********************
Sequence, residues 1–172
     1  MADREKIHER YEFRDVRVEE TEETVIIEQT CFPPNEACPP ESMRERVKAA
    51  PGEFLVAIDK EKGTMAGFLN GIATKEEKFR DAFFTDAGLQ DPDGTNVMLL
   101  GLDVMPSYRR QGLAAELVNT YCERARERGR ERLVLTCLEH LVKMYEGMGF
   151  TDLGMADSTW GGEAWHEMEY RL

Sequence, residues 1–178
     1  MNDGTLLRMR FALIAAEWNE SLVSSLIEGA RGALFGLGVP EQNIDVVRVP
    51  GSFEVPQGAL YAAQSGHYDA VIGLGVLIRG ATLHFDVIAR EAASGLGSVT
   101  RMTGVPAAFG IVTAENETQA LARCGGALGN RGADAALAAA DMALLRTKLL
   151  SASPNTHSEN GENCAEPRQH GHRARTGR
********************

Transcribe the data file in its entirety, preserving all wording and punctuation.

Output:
Sequence, residues 1–172
     1  MADREKIHER YEFRDVRVEE TEETVIIEQT CFPPNEACPP ESMRERVKAA
    51  PGEFLVAIDK EKGTMAGFLN GIATKEEKFR DAFFTDAGLQ DPDGTNVMLL
   101  GLDVMPSYRR QGLAAELVNT YCERARERGR ERLVLTCLEH LVKMYEGMGF
   151  TDLGMADSTW GGEAWHEMEY RL

Sequence, residues 1–178
     1  MNDGTLLRMR FALIAAEWNE SLVSSLIEGA RGALFGLGVP EQNIDVVRVP
    51  GSFEVPQGAL YAAQSGHYDA VIGLGVLIRG ATLHFDVIAR EAASGLGSVT
   101  RMTGVPAAFG IVTAENETQA LARCGGALGN RGADAALAAA DMALLRTKLL
   151  SASPNTHSEN GENCAEPRQH GHRARTGR